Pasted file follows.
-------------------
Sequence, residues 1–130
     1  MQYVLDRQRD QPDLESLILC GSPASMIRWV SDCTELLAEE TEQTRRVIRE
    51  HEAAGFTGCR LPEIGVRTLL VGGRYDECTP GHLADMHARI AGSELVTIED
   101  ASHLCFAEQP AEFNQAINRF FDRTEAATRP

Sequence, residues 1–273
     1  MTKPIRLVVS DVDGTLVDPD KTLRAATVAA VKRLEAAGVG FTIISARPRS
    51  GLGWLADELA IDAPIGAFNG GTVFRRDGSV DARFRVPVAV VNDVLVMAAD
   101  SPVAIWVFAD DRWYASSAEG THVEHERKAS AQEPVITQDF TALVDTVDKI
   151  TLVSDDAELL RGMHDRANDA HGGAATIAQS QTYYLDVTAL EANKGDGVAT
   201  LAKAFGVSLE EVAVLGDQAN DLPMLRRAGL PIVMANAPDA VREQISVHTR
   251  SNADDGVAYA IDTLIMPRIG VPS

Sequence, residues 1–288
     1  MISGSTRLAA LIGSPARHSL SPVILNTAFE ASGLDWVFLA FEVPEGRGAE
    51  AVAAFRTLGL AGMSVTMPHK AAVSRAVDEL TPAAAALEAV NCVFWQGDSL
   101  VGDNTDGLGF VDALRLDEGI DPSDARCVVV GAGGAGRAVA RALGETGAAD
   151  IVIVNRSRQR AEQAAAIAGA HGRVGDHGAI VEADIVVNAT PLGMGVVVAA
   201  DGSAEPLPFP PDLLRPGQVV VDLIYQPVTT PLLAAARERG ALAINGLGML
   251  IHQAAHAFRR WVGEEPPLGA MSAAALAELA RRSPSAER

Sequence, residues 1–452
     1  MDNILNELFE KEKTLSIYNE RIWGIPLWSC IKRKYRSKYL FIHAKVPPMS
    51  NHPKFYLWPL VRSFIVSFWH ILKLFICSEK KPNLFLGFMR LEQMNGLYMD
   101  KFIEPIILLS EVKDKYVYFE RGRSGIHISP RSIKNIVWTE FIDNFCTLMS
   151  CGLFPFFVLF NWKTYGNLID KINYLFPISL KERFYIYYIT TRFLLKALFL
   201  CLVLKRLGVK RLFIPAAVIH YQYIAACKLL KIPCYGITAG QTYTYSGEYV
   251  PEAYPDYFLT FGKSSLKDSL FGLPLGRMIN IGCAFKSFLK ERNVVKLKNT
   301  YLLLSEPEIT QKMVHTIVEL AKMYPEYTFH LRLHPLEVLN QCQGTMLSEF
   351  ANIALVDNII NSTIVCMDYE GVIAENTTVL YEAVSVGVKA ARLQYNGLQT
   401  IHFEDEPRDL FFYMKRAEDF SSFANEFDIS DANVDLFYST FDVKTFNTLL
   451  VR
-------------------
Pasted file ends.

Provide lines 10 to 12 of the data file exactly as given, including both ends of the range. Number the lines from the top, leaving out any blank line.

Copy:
   201  LAKAFGVSLE EVAVLGDQAN DLPMLRRAGL PIVMANAPDA VREQISVHTR
   251  SNADDGVAYA IDTLIMPRIG VPS

Sequence, residues 1–288